Who's paying attention?

Frederick News Post
Susan Hanson
10/25/2013
Last month we got the news (The News-Post, Sept. 18) that the MIT test of the air quality in Frederick is dismal. Frederick is almost as bad as Baltimore. Some officials are blaming the coal-fired power plants in the Midwest. Frederick County already pays a fee (called an offset) because of its poor air quality levels. This is before we have started adding the stuff that will come out of the incinerator once we start burning the trash and tires at this proposed facility. Is anyone out there paying attention and saying hmm, we’re going to have to pay a lot more for all of this additional smog? And this toxic stuff cannot be blamed on our neighbors.

Air of dissatisfaction

Frederick News Post
09/8/2013
A recent Capital News Service story on air pollution raised a number of questions. Those who read deeply enough into the story also found an eye-opening bit of information about Frederick. According to a Massachusetts Institute of Technology study released last month, a higher percentage of Marylanders die prematurely due to long-term exposure to air pollution than residents of any other state. What is particularly galling about this situation is that, to some extent, the costly efforts Maryland has made to clean up its air are being sabotaged by some “upwind” states that haven’t made similar sacrifices. The MIT study listed Baltimore as the worst large city in the entire nation when it comes to emissions-related mortality rate. For those of us who are used to hearing all the horror stories about Los Angeles, Denver and other pollution-choked cities, this is somewhat of a shock. A bit further into the story, the news got even worse. Frederick pops up as one of several Maryland cities whose air-pollution-related death rate is nearly as high as Baltimore’s.

Shades of Green

Saving the Planet Touches Almost Every Area of Frederick County Living, and it Comes with a Price Tag
Frederick Magazine
Linda Norris-Waldt
09/16/2013
Save the Bay. Buy recycled. Reduce your carbon footprint. Conserve water. The list goes on and on. And so does the number of programs and projects that aim to improve Frederick County’s environment— and with them, the debate about where lies the responsibility: Who pays, who is inconvenienced by change, and how much habit-breaking is practical when the returns aren’t immediately evident. A myriad of regulations, public education programs and businesses have brought environmental initiatives to our doors. The new programs, like mandating rain barrels and rain gardens for new subdivisions, roll in with great fanfare like ocean waves, supported by public demand. And then they are either delayed or abridged because of cost, impact or feasibility. A constant rebalancing is always taking place. Kirby Delauter, a Frederick County commissioner whose work in construction takes him into the field where he has direct encounters with environmental regulations, has been no fan of the feasibility of government programs regulating the environment. They have “grown exponentially and for no good reason other than to expand the role of government in our lives,” he says. “Stormwater has been ruled by courts to not be a pollutant, yet we still seem to have governing bodies that can’t let go of the power and control of regulating the lives of personal property owners.” Kai Hagen, a community activist and former county commissioner known for championing environmental causes, has a differing view. “If people knew the real environmental and economic costs and benefits associated with the choices we make—as a community—I’m convinced we would be making a lot more responsible choices than we are now,” he says. Here’s how current environmental programs in Frederick County touch water, land and lives.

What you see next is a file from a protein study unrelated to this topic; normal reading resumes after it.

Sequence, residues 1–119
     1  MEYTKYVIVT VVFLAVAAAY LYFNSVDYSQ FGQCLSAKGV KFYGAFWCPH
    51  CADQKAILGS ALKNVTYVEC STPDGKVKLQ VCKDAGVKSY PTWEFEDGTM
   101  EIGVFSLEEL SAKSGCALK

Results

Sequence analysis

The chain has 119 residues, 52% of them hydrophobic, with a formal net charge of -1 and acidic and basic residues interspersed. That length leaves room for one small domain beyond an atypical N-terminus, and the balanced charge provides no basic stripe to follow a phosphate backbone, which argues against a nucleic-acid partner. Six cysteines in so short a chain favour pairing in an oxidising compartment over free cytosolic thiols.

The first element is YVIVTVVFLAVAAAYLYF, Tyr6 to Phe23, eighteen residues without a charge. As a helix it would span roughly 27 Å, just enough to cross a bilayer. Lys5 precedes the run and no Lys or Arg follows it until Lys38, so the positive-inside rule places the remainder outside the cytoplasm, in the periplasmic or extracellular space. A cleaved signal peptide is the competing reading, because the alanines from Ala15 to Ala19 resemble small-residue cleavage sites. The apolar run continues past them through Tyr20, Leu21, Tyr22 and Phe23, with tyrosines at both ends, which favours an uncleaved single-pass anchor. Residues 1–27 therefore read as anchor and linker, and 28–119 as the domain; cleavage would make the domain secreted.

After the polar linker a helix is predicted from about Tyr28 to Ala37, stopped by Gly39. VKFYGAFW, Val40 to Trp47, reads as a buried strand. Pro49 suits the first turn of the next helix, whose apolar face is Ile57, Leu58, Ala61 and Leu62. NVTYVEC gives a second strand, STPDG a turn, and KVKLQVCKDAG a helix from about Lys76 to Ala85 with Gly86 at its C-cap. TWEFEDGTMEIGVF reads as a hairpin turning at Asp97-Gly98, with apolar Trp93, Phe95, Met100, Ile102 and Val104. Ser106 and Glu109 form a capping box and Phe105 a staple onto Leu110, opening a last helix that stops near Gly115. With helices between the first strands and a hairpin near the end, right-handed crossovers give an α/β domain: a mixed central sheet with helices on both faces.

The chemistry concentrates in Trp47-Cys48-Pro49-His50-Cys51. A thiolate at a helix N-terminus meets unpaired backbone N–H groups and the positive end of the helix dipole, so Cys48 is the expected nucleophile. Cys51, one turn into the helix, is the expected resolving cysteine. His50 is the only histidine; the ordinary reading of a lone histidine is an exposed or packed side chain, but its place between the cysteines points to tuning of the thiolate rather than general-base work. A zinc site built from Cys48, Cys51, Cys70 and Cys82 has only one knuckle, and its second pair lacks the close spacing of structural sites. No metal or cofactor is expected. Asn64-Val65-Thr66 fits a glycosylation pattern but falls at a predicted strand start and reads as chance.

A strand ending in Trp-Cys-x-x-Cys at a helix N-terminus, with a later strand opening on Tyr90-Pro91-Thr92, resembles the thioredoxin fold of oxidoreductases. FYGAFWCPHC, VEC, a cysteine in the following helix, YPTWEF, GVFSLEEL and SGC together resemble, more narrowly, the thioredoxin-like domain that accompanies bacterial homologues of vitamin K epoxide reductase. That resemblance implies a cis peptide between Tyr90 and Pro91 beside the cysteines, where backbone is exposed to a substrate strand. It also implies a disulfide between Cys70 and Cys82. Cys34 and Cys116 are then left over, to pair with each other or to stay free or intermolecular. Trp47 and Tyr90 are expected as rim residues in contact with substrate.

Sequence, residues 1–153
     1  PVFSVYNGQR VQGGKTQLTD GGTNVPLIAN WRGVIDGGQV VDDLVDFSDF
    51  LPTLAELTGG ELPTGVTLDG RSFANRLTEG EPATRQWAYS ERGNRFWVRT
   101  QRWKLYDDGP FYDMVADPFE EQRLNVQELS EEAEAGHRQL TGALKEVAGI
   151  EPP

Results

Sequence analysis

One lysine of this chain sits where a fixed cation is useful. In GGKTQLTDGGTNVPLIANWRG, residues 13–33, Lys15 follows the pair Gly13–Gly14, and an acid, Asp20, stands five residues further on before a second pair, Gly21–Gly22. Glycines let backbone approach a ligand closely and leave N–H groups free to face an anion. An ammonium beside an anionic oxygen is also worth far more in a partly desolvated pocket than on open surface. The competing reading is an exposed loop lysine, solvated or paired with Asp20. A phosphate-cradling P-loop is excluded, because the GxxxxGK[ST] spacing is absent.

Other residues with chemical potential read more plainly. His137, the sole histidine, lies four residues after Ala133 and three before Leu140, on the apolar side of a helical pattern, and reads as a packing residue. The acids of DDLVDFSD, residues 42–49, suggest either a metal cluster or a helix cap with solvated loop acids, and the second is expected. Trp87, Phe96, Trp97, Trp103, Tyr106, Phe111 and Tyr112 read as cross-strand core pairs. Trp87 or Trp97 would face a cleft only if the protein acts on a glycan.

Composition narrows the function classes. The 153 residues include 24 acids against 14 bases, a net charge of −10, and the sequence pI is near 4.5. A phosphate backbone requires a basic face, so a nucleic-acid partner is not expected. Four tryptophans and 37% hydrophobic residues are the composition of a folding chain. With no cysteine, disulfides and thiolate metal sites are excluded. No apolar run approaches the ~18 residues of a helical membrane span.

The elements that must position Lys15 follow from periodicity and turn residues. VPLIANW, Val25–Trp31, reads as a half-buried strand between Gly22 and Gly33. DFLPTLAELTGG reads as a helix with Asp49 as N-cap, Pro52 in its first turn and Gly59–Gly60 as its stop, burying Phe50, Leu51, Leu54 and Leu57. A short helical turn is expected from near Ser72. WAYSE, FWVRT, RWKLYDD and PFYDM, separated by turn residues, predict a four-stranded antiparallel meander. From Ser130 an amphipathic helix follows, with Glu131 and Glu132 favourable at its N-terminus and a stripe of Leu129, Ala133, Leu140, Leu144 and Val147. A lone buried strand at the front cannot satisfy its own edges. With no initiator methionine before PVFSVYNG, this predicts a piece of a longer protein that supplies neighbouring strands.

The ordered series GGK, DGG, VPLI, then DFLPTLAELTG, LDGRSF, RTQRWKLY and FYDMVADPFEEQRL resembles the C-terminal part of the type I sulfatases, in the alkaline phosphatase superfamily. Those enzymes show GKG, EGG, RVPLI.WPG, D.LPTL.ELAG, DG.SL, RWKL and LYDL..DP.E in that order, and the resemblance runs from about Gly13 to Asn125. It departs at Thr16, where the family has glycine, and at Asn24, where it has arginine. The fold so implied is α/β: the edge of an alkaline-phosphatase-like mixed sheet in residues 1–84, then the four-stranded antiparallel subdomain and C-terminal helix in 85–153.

Wasted food

Frederick News Post
06/21/2013
Recycling has become a cornerstone of our lives here in Frederick County. The blue bins that line the streets once every two weeks in front of our homes have become a familiar sight. We’ve come a long way from the 1991 pilot program for 4,000 households that launched recycling in the county. But an article in The New York Times recently made us wonder if we couldn’t go a little bit beyond the plastic bottles, aluminum foil, paper and cardboard that make up most of what we throw in our recycling carts. The Times article reported that following a highly successful pilot program, Mayor Michael Bloomberg will roll out a plan to allow all city residents to recycle food scraps. Residents will be issued containers into which they dump their food waste, and the program, while initially voluntary, is expected to become mandatory. According to the Times, food waste and organic materials account for about a third of the city’s trash. If diverted from the three landfills to which waste is trucked at the cost of $80 a ton, the city could save $100 million a year. Initially, the program will handle 100,000 tons of food scraps that will be sent to a hired composting plant. The program is expected to be so successful, the administration will seek proposals to build its own processing plant to transform the waste into biogas, which would be burned to generate electricity, according to the Times. If you’re thinking New York is a long way from Frederick County, you’re correct. But a similar program is in place closer to home in Howard County, which is set to expand a food-waste recycling pilot program initiated more than a year ago.